By Deborah Shaw
Way back at the start of 2021 I spent two weekends at the University of Otago’s Otakou Press learning the fundamentals of letterpress printing. Printer-in-residence Dr John Holmes and his assistant Shef Rogers took five of us through the basics, and by the end, we’d printed pangrams (phrases that use every letter in the alphabet), sonnets and projects of our own.
We started simple: print our own name tags. Sue was glad she only had a three-letter name, but she quickly learned that, for centring the text, short names required more em spaces, which were in short supply. I initially printed my name as “Dedorah”. I felt like I was back at primary school, learning to write.
With the basics down, we worked on pangrams – phrases that use every letter in the alphabet. Working upside down and back to front, we loaded our composing sticks with type. p’s and q’s, b’s and d’s, u’s and n’s had me doing mental gymnastics to check I’d put the right letter in the right way around. I’d be sure I had the p in place, only to make my first print and find out it was a q. Cue bending over my galley with tweezers as I surgically extracted the incorrect letter without upsetting the whole line. Eventually, I ended up with my pangram, the alphabet in upper case and lower case, and symbols all nicely centred on wonderfully textured paper. The ligatures were my favourites.
As I worked, all these familiar publishing terms came to life. Leading, the space between lines of type, is literally strips of lead. Your type sits in the galley, which is where your galley proofs come from. Em spaces are square and about the width of a capital M; en spaces are half the width of an em.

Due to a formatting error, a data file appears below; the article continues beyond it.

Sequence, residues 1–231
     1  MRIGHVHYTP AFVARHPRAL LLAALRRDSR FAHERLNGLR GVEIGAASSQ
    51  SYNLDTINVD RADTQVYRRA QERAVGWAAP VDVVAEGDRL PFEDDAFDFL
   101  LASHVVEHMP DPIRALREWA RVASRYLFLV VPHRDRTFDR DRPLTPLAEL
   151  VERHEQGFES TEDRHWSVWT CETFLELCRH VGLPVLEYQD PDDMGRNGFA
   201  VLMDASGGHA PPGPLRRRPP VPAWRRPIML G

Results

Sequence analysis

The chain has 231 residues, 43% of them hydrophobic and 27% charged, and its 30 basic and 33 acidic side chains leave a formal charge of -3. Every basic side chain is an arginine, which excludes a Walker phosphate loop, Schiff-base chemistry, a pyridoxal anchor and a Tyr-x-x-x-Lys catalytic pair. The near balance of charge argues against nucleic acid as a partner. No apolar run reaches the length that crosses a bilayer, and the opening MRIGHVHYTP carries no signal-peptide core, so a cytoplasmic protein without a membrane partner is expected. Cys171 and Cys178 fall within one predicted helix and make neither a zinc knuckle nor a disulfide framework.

I knew that a lot of the typographical terms we use in digital publishing come from letterpress printing, but physically holding the leading and carefully placing all the em spaces made those terms real. Technology moves forward, and the language sticks.
Once we had our galley proofs printed, we proofread. Proofreading on newsprint was a vastly different (and more stressful) experience than proofreading digitally. No matter how many times we combed through Jasmine’s pangram, we didn’t spot the typo until she’d printed ten copies on good quality paper. When she printed her own project, Ode to Typesetting, she deliberately inserted a typo, just to keep readers on their toes.
Working with type prompted a cognitive shift. Today’s galley proofs often come in the form of digital PDFs, but we still call them galley proofs. Likewise, the phone emoji looks nothing like the phones we use today (outside of offices, perhaps). Our collective memory tells us this ☎️ is what a phone is, even if some of us have never used a phone like it.
I came away from the course with a greater appreciation for the arts of typesetting and design, and just what technology can do for us. MS Word has its foibles and InDesign is daunting, but with both I can justify text with a click, rather than painstakingly insert spacing with one hand while trying not to upset the type with my other hand.
By the end of the second weekend, I’d become pretty fast at finding my type and sliding it into my composing stick. Putting the type back was another matter. My apologies to the next person who uses the tray of size 12 Garamond. Some of those d’s and b’s might be in the wrong boxes.
I tell my authors there’s nothing like holding your book in your hands for the first time. I felt the same way with my projects, and my pangram, “Pack my box with five dozen liquor jugs”, is now framed on my office wall.